OAKLAND — Oakland Unified School District is fighting anti-bilingual education Proposition 227 in court, but it is going ahead with implementing the requirements of the new state law this year.

And, according to the district, its programs for children with limited English skills will not have to change much.

“It is the law of the land, and we will comply with it,” said Atsuko Brewer, the district’s director of bilingual education programs.

“But the changes really won’t be major. The biggest hurdle — and it is a big one — is notifying parents to come into schools and hear about the new law and what their options are.”

Prop. 227, passed by California voters in June, would eliminate the state’s bilingual education program and require the state’s 1.4 million students with limited English skills to spend a year in English immersion classes.

In Oakland, 23 percent of the nearly 18,000 students with limited English skills already are in “sheltered English” immersion classes, which meet the state requirement, according to district spokeswoman Sue Piper.

Now, all limited-English students will be placed in those classes unless their parents sign a waiver allowing them to attend bilingual classes or mainstream English classes.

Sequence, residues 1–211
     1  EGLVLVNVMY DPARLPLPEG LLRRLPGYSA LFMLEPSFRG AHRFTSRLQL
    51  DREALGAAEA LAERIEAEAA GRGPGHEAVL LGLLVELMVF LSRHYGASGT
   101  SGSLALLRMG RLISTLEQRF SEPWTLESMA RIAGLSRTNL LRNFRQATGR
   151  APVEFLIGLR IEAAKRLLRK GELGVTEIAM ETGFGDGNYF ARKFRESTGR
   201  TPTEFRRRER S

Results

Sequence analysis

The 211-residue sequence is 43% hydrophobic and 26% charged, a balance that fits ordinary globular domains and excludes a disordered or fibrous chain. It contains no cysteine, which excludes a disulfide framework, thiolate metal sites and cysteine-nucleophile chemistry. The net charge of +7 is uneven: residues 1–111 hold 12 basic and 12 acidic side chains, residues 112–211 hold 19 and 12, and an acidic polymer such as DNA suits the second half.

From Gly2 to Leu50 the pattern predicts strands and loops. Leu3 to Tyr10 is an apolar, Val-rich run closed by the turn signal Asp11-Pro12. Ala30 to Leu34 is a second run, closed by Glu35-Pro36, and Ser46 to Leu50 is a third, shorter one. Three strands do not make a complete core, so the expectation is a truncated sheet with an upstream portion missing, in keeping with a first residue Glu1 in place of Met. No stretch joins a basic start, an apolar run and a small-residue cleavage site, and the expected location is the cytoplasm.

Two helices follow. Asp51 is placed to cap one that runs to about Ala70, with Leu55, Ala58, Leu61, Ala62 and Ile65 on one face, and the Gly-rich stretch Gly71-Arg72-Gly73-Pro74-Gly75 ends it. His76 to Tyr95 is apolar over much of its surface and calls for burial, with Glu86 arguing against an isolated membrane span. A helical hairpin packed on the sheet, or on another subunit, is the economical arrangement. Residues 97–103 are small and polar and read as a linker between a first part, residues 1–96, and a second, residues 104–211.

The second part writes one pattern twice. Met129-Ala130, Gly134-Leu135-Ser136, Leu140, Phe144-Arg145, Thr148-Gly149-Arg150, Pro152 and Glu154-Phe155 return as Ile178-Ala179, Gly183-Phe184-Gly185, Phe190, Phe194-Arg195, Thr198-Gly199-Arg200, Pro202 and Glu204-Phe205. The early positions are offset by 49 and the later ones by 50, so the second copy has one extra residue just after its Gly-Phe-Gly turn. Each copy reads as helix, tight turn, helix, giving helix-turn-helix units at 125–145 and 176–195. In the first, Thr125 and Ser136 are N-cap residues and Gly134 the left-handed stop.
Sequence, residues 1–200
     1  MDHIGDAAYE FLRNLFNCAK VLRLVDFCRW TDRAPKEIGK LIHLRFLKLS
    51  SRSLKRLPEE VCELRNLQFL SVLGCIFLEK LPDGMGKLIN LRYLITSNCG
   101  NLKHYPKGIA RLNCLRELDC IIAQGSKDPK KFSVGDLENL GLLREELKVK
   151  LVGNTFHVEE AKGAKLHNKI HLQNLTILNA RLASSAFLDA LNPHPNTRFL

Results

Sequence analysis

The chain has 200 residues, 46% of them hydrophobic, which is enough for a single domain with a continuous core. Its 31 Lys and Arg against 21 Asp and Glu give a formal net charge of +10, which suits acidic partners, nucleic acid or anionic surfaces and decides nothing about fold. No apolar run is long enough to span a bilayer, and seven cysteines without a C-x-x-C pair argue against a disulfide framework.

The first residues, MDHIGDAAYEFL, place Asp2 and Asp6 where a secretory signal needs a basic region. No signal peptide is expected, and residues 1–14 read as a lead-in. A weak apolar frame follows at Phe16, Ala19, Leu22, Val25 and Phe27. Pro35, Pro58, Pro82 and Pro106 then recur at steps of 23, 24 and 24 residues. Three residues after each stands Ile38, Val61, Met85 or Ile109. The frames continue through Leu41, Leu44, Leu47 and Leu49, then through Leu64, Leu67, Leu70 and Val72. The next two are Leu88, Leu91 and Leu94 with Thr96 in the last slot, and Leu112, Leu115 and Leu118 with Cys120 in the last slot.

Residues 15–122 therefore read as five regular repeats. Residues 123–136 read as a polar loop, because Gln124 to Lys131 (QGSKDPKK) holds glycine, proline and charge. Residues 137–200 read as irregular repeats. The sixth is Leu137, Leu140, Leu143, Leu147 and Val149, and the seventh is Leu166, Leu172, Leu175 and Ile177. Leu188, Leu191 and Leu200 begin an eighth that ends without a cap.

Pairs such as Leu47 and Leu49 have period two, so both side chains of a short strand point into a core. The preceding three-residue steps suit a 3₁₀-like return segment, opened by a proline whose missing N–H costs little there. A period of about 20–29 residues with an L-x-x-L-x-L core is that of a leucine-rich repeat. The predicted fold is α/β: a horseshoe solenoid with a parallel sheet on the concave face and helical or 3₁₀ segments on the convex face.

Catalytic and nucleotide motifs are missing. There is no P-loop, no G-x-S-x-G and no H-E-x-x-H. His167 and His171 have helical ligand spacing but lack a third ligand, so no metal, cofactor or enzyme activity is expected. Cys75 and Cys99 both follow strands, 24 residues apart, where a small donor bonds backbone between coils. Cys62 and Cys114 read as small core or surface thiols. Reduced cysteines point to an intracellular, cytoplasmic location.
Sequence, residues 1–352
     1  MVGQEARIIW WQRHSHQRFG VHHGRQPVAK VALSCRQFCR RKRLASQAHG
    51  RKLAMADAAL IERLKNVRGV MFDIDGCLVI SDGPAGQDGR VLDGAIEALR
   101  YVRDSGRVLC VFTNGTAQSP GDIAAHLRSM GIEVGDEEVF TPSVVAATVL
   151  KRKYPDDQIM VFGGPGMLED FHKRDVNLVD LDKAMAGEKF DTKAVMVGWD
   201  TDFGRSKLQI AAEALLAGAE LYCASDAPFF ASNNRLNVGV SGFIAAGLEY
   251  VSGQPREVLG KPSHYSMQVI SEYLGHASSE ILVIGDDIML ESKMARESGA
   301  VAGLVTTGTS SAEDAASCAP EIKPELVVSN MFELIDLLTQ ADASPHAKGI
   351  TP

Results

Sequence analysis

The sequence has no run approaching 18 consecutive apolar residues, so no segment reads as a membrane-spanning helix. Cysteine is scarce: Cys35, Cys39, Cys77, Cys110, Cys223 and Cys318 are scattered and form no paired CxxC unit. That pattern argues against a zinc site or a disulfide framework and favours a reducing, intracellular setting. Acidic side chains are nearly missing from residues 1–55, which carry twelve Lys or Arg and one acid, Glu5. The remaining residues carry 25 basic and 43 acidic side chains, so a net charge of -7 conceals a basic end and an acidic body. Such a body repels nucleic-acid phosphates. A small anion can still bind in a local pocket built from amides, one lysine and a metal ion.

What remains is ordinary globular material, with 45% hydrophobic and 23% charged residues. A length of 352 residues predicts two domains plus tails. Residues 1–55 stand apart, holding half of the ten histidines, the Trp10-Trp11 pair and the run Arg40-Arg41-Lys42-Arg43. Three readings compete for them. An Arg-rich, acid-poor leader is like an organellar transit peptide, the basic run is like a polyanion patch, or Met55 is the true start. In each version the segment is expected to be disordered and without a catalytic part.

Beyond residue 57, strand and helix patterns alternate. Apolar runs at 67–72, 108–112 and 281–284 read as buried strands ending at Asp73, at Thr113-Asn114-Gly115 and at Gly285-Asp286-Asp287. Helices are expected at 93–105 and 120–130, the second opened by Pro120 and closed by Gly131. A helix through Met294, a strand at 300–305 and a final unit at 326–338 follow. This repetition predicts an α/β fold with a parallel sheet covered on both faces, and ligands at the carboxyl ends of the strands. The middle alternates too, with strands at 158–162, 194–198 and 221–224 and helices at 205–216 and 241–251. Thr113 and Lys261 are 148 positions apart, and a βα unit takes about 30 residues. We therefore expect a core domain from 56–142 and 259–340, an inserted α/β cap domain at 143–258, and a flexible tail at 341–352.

About 38 percent of the limited-English students are in bilingual programs, receiving instruction in both their native language and English. About 18 percent are in mainstream English classes.

Brewer is anticipating that most parents will opt to keep their children in the programs they were in last year.

The exception is children under 10, who must remain in English immersion class for at least 30 days before being placed in an alternative.

To avoid a massive shuffling in the first few weeks of school, the district is trying to get all parents to choose a program before school starts.

Meetings have been set up at the largest schools next week to educate parents about the changes.

Parents of children at smaller schools will have to deal with their schools individually.

Letters to parents in their native languages have been sent out, and fliers about the meetings have been posted in community centers to inform parents who will be enrolling their children for the first time, Piper said.

Orientation videos in Spanish, Vietnamese, Cambodian and Cantonese have been made and will be available to parents at each school.

Meanwhile, the district is heading back to court Thursday for a hearing on its challenge to Prop. 227. It joined schools in San Francisco, Berkeley and Hayward to request a general waiver from the regulations.

The hearing will determine whether the state Board of Education will consider granting the waiver, Piper said.

There was no choice but to go ahead with the new regulations while the legal issues are being decided, she said.



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